May 1966

The Enigma of Ethnicity in a Psychiatric Clinic

Author Affiliations

From the California Department of Mental Hygiene, The Neuropsychiatric Institute, UCLA Center for the Health Sciences, Los Angeles.

Arch Gen Psychiatry. 1966;14(5):516-520. doi:10.1001/archpsyc.1966.01730110068010

Richard Lopez was born into a Spanish-speaking Mexican-American family and grew up in an impoverished neighborhood near Los Angeles. He graduated from high school in 1958 when he was 18, and tried to enlist in the army. An examining physician questioned him closely after he had answered "yes" to a question asking if he were exceptionally nervous. According to Richard, the army doctor told him in a loud voice in front of many other young men, "You might flip your lid," and he was rejected. Richard became very angry at the doctor but did and said nothing.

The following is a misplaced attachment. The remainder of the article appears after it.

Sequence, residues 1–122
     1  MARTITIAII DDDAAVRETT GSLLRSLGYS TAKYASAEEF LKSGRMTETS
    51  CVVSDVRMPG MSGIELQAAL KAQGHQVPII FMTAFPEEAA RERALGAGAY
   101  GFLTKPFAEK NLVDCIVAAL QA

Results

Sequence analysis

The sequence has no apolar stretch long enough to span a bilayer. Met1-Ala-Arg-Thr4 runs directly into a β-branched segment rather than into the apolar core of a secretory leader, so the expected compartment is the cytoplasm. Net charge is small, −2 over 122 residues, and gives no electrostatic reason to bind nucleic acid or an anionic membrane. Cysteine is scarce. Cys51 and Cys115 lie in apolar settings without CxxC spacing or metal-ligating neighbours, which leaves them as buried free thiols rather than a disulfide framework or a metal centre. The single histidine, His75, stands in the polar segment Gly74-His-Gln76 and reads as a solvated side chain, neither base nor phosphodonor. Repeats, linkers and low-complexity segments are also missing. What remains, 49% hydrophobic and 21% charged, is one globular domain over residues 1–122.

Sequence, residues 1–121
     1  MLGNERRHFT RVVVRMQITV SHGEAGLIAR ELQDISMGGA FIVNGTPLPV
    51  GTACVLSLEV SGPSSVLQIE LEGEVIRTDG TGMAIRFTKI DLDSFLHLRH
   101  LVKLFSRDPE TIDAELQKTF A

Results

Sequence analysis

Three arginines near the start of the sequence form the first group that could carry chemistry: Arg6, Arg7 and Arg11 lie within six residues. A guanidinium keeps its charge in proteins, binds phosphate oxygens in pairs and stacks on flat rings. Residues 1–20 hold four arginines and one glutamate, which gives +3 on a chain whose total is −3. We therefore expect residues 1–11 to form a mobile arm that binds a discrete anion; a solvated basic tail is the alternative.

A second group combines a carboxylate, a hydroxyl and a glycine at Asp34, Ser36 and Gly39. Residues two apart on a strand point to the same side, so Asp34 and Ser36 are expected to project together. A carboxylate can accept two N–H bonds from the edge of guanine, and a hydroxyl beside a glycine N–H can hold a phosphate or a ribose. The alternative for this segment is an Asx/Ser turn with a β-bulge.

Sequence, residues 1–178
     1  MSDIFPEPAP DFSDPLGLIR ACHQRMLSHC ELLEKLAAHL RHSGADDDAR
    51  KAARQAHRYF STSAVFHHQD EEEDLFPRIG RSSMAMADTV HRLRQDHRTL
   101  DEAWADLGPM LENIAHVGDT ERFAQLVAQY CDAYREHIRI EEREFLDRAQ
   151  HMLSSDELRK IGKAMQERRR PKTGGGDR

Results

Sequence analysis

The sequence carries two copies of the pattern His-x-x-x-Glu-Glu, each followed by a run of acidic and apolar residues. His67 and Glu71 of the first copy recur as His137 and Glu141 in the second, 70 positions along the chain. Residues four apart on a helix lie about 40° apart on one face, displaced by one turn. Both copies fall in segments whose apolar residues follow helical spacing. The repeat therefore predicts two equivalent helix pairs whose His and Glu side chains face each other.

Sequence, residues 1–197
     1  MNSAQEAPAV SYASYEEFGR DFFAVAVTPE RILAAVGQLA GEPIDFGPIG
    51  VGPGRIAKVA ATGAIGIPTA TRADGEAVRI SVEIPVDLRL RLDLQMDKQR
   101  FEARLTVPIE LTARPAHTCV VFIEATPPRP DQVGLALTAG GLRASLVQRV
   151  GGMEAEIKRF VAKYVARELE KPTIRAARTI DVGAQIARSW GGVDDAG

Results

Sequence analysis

Two months later he recounted the incident to a resident psychiatrist in a psychiatric clinic. He explained that he had been very nervous for a long time and that his hands and knees shook when he was with a girl or when someone near him would chew food

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